5% Safe Harbor & Retrofitted Facilities

Generally, under an "80/20 rule," a facility may qualify as originally placed in service (and thereby qualify for the tax credit) even if it contains used property, as long as the fair market value of the used property is not more than 20% of the facility's total value. Under the 2016 Notice, this "80/20 rule" is applied to each individual facility comprising a single project, and the 5% Safe Harbor is applied only with respect to the cost of new property used to retrofit an existing facility.

Takeaways

The 2016 Notice is good news for the renewable energy industry. The extension of the Continuity Safe Harbor from two to four years should benefit taxpayers developing larger projects, some of whom had commented that the two-year window was not feasible. This extension generally gives taxpayers more than four years to complete their renewable energy projects once physical work of a significant nature has commenced or once 5% or more of the total cost of the project has been incurred, since the four-year clock begins at the end of the year in which construction began.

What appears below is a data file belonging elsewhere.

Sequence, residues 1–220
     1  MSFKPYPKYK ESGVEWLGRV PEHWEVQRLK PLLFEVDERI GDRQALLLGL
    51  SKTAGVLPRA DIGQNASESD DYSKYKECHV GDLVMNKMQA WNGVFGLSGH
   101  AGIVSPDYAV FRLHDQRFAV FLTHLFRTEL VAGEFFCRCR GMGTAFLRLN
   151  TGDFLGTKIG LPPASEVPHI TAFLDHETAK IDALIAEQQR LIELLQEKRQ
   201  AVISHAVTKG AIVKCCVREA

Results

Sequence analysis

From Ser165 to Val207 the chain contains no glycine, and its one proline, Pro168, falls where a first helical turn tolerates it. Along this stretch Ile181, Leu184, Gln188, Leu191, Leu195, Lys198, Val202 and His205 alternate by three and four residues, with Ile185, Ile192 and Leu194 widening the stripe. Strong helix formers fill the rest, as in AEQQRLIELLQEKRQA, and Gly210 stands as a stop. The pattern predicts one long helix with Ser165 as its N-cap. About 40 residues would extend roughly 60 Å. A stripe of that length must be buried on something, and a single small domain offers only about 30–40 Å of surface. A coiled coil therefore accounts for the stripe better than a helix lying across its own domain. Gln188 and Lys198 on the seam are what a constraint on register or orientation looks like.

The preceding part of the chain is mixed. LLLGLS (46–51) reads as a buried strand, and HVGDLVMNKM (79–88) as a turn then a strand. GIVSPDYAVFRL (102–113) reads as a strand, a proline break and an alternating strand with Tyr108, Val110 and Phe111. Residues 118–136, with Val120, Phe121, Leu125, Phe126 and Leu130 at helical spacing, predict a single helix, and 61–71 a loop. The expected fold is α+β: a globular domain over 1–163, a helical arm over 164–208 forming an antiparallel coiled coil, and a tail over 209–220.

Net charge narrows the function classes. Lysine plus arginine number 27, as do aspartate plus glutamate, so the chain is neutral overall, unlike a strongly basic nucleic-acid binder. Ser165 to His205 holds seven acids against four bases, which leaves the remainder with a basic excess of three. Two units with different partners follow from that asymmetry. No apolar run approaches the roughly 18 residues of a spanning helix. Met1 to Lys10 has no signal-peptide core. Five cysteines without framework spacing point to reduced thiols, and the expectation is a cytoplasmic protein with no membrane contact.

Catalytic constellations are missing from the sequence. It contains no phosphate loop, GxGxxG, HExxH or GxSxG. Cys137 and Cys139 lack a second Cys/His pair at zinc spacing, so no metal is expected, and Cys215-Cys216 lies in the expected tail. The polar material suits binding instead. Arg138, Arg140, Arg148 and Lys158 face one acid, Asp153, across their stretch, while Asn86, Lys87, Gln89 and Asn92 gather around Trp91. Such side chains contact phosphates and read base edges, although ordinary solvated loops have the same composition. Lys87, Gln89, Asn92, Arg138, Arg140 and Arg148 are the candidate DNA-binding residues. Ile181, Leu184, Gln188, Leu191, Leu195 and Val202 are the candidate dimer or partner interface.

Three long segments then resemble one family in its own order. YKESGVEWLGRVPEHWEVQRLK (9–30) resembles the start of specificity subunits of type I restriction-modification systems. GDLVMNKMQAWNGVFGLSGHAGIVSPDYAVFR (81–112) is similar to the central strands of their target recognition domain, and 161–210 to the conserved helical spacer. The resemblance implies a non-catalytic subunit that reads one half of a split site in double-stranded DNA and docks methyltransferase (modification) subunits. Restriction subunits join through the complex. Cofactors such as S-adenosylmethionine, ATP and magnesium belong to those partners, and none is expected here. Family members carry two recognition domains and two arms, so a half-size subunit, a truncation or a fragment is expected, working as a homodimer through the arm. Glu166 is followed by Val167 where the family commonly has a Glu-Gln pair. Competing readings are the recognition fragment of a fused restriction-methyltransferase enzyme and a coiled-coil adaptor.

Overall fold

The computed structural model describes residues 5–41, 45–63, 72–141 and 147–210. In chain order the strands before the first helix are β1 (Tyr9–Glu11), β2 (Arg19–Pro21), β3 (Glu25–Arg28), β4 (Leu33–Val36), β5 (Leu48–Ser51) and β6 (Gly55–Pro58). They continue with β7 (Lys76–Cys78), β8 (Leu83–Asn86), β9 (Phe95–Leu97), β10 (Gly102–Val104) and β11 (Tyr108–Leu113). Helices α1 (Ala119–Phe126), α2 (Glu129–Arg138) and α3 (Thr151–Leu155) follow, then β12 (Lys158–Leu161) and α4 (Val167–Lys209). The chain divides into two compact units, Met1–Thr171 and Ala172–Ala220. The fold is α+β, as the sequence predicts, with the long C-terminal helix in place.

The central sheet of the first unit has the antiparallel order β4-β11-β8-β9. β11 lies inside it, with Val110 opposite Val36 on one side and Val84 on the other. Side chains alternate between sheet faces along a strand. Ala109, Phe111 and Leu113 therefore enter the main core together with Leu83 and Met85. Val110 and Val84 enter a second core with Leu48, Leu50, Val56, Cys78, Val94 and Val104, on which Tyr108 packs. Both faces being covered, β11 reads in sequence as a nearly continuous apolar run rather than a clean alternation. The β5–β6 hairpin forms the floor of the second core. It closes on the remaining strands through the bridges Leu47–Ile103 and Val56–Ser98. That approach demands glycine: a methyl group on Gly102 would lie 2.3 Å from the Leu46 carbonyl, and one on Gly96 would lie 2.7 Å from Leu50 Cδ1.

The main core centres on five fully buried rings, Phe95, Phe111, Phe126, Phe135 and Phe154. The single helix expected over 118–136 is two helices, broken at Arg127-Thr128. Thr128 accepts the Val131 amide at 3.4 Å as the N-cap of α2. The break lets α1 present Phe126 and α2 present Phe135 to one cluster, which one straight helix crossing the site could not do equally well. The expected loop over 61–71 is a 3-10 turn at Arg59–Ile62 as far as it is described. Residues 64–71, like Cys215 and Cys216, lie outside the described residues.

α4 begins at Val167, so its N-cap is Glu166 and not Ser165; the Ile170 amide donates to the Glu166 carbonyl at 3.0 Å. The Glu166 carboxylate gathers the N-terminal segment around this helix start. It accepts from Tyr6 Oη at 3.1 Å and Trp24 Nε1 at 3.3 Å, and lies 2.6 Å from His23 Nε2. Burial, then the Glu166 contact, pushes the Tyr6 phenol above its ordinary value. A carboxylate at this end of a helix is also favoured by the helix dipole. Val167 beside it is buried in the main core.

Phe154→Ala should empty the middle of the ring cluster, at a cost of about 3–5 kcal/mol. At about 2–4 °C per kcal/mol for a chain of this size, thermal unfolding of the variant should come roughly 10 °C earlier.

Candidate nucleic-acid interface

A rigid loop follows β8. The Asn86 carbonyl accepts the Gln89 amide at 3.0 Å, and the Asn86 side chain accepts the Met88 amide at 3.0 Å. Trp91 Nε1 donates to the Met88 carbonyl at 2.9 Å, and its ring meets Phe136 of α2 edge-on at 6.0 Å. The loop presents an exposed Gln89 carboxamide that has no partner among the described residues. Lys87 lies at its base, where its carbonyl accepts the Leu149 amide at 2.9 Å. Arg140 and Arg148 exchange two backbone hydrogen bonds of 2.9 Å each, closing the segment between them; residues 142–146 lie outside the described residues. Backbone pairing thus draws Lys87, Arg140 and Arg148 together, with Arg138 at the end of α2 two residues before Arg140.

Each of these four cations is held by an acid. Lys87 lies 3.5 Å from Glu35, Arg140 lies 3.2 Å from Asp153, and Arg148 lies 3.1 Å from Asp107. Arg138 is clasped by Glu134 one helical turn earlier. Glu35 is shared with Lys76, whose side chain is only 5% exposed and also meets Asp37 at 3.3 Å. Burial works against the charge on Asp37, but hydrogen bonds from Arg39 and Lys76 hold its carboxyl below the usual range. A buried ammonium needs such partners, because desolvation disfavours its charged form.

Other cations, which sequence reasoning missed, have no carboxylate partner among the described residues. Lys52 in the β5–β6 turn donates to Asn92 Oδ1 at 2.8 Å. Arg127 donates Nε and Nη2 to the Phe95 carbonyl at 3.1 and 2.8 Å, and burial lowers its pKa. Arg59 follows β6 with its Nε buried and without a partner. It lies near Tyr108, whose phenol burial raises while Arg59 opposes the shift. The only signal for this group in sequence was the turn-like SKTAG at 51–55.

Furthermore, the IRS's addition of several new excusable disruptions that will not be taken into account in determining whether the Continuity Safe Harbor is satisfied will allow projects that experience certain delays (e.g., due to delays in obtaining permits or licenses, or due to severe weather conditions or natural disasters) to still qualify even if placed in service outside the four-year period.

Taxpayers should consider how the new guidance impacts their renewable energy development plans, and should consult with their tax advisors regarding whether they may qualify for the PTC or ITC in light of the new rules. The IRS will not issue private letter rulings to taxpayers regarding the application of the 2016 Notice or the application of the "beginning of construction" requirement. Renewable energy developers are encouraged to plan accordingly and begin construction on projects that are part of their four-year development pipeline if they intend to claim the tax credits.